Okay, lovely ladies, we’re finally there: the last chapter of Philippians. We’ve seen the examples of Paul, Christ, Timothy, and Epaphroditus. We’ve seen the appeals to be selfless and the instructions on how to do so (click here for part 1, part 2, or part 3). Now at last we get to see the central problem in the Philippian congregation: two fighting women.
Before we get to that, though, I want to look at one other significant keyword: agape. You may or may not know that in the Greek New Testament there are two main words for two main kinds of love. Phileo is used for brotherly affection, but agape is used for the deep type of love that involves self-sacrifice. Self-sacrifice, hmmm? Sorta fits into what we’ve been talking about, doesn’t it! Oh, I love the Bible. So inter-connected and wonderful. Agape occurs seven times in Philippians, and it’s always translated “love” or “beloved.” See if you can find them for yourself. 🙂
Diving back in…
The Problem—Euodia and Syntyche (4:1-3)
At the beginning of this chapter Paul starts to bring his letter to its clincher: “Therefore, my beloved brethren… in this way stand firm in the Lord” (1). How do we stand firm in the Lord? Maintain this spirit of selflessness that we’ve been talking about. Now he’s going to get into the real point. Take a look at verse 2: “I urge Euodia and I urge Syntyche to live in harmony in the Lord.”
“Look, Melissa, I don’t know. You say Euodia and Syntyche were the main problem, but if that’s the case why do they pop up so late in the book? How do you know they’re that important?”
Well, I’m going to show you. 🙂
The word for “urge” in this verse is the Greek word parakalo, and it’s special because it’s a petition verb. In English writing, we often use bold lettering, italics, or capital letters to stress an important point. Greek petition verbs are the equivalent of all these things plus a few exclamation points for good measure. In other words, Paul really wants to drive this point home. It’s also extremely significant that he uses the word twice in the same sentence. This double-petition verb phenomenon only occurs one other place in the New Testament (in 1 Thessalonians 4:1, if you’re interested). God is never redundant without a purpose. This whole book is redundant! He’s redundant when He’s really trying to drum an important point into our heads. Therefore, this redundancy in petition verbs is really, really, really SUPER important. It’s so important, in fact, that people who’ve studied the book (like Denny Petrillo) consider it to be the key verse in the book.
Now look at the next few words, the action Paul is urging Euodia and Syntyche to perform: “to live in harmony.” That’s our central keyword phroneo! Remember, it could also be translated “to be of the same mind”… And we know from 2:3 that the way to be of the same mind is to “regard one another as more important than yourselves.” This letter was for the entire Philippian church, but it was really written so they could know how to help these two women get along!
Now, we shouldn’t let Euodia and Syntyche go by without giving them a little credit. These weren’t bad women; they were members of the Lord’s church, for crying out loud! Paul asks the congregation to “help these women who have shared my struggle in the cause of the gospel” (3). They’ve worked with Paul, and they obviously care about the cause of Christ! However, they rubbed one another the wrong way, and they couldn’t let their agape love overcome this dislike and disagreement. So what does Paul do to help? He enlists the church! What an awesome lesson for us! Part of the reason God put the church in place is so we could help other Christians make it to Heaven. We need to be sure and utilize that gift when we’re having a sin problem!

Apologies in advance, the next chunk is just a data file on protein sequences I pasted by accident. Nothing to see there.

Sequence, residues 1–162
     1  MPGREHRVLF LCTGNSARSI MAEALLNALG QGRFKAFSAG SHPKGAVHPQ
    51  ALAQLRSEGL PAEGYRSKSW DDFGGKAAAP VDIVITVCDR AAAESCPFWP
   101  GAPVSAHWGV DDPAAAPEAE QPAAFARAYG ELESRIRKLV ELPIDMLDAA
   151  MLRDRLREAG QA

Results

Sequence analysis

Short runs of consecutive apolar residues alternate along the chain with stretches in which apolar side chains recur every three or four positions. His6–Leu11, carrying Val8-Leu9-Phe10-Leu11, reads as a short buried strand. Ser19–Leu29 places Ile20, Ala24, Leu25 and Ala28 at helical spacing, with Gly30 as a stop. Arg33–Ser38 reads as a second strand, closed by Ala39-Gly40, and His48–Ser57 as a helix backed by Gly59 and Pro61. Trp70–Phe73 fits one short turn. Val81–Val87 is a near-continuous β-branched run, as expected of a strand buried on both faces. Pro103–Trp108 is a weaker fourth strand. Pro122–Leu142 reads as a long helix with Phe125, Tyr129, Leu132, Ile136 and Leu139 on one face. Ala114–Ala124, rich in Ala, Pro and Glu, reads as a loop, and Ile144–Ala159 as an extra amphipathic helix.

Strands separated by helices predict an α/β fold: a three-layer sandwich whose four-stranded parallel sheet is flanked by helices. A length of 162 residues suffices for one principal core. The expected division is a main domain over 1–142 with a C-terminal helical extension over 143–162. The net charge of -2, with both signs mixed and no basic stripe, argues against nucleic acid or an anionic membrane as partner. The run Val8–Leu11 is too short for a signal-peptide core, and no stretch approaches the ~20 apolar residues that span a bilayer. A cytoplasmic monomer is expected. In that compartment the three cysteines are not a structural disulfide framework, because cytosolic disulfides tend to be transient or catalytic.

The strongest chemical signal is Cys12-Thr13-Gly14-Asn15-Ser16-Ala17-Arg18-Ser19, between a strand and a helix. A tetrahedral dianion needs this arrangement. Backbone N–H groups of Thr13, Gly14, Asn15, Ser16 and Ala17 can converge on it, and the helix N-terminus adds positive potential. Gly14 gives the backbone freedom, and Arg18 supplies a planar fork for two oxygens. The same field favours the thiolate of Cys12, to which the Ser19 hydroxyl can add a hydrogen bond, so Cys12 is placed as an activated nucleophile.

You’re Getting There (4:14-20)
I know that’s a weird section title, but before I explain, take a look at verses 14 through 17:
“Nevertheless, you have done well to share in my affliction. You yourselves also know, Philippians, that at the first preaching of the gospel after I left Macedonia, no church shared with me in the matter of giving and receiving but you alone; for even in Thessalonica you sent a gift more than once for my needs. Not that I seek the gift itself, but I seek for the profit which increases to your account.”
Phew. Long stretch there, but I want you to see it all.
Remember how Paul started with encouragement? He’s ending with encouragement too. He’s saying, “Hey, you know what? You’re already getting there. You’re already selfless in your generosity towards me and my work for Christ.” Check that last verse again: “Not that I seek the gift itself, but I seek for the profit which increases to your account.” Not only is the church’s giving good for Paul, it’s good for themselves! It’s a step in the right direction toward total selflessness.
I want to clarify, dear ladies— you don’t now know everything there is to know about the book of Philippians. There’s a WEALTH of knowledge that I didn’t even touch on. That’s part of the beauty of the Bible: you never know everything about it. There’s always more treasures to go find.
So I implore you to go find some treasure for yourself. Study the book. Look for more keywords. Explore. More than anything, though, I implore you to apply what we’ve studied to your life. Put Christ before yourself. Put others before yourself. Be willing to compromise your opinions. Live in harmony with one another. I hope this study has been as profitable for you as it’s been for me!
By Melissa Hite
Melissa (age 16) attends Bear Valley church of Christ with her parents, Michael and Lynn, and her little brother, Matthew. Her goals include continually growing closer to God and eventually becoming a writer and a mom. On her blog, Christ Crossed My Heart, you can find other poignant, well-written posts.